Just as an aside, if you need to read yet more on the Internet, I suggest looking at an interesting, yet ultimately frustrating take on women’s lives in SA: susiesbigadventure.blogspot.com. Susie is an American living in SA with her son and Saudi husband. It’s a fascinating blog, although I usually want to throttle her for actually agreeing to live in such a wildly misogynistic country…

    Back to Afghanistan…yes, if we (the West) are willing to invest in building schools and providing round the clock protection for students, teachers and their respective families, I’d be all in favour.

    In the final analysis, there don’t seem to be any meaningful options for improving the lot of women in Afghanistan. The presence of Western troops doesn’t seem to be successful by any stretch of the imagination.

  12. Canadian Reader – On the presence of Western troops in Afghanistan (or Iraq for that matter) it is a tad difficult to ‘sell’ liberation, democracy, human rights to a population, female or male, from behind the barrel of a gun – even more difficult when your neighbor and her entire family down the street was just last week killed by a drone bomb delivered by some Western nation who purports to only have your interests at heart.

  13. Oh yes, Felicity. I totally agree. I’m just really upset with what’s happening to the women (before and since the invasion). In many ways, the women are the ones who are, and always have, suffered the most.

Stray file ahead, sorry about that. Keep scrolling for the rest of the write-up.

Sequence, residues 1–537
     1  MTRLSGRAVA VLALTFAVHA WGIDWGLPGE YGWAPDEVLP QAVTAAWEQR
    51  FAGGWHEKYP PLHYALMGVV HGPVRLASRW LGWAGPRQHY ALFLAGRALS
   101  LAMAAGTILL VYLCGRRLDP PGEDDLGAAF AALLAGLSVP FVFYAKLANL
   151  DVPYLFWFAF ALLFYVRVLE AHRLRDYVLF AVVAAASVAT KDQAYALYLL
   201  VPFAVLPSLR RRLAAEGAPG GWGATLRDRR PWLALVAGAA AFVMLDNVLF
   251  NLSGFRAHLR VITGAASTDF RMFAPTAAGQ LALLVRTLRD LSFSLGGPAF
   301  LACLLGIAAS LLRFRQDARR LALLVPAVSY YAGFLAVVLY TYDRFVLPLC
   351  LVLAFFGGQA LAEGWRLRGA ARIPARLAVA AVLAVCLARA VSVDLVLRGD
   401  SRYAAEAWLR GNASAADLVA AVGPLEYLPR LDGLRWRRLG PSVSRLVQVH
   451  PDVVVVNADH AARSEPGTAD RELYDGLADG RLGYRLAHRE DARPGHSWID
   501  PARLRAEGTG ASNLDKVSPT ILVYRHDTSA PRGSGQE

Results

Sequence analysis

14. What level of atrocity sets the limit at which we may decide to use our own particular forms of violence and war-atrocity?

    • What level of atrocity sets the limit at which we may decide to use our own particular forms of violence and war-atrocity?

      At the level that poses an existential threat to the United States.

  15. For starters, given that the tactical/strategical purpose of bombing is to create civil strife, leaving Afghanistan may just result in a reduction of civil strife. Since I can’t think anything positive can result from ‘civil strife,’ leaving the country just might be a benefit to the country?

  16. …”the overwhelming majority of Afghans WANT us there, to protect them against the Afghani mafia, the Taliban.”

    “Can you document that anything in the quotation above is actually true?”

    No data, but I’d say Karzai is a whole lot more competent than Mullah Omar.

    • I’d say Karzai is a whole lot more competent than Mullah Omar.

      Just barely. Karzai is unpopular in Afghanistan, and there is an appearance the 2009 election was not entirely honest. He is often at odds with his parliament. The government generally is weak, and big chunks of the country are in the hands of tribal leaders and the Taliban. Karzai is the one wanting to negotiate with the Taliban.

      I honestly don’t know what Afghanis think of us these days, but the “coalition” has been increasingly ineffectual at protecting anybody from anything in Afghanistan.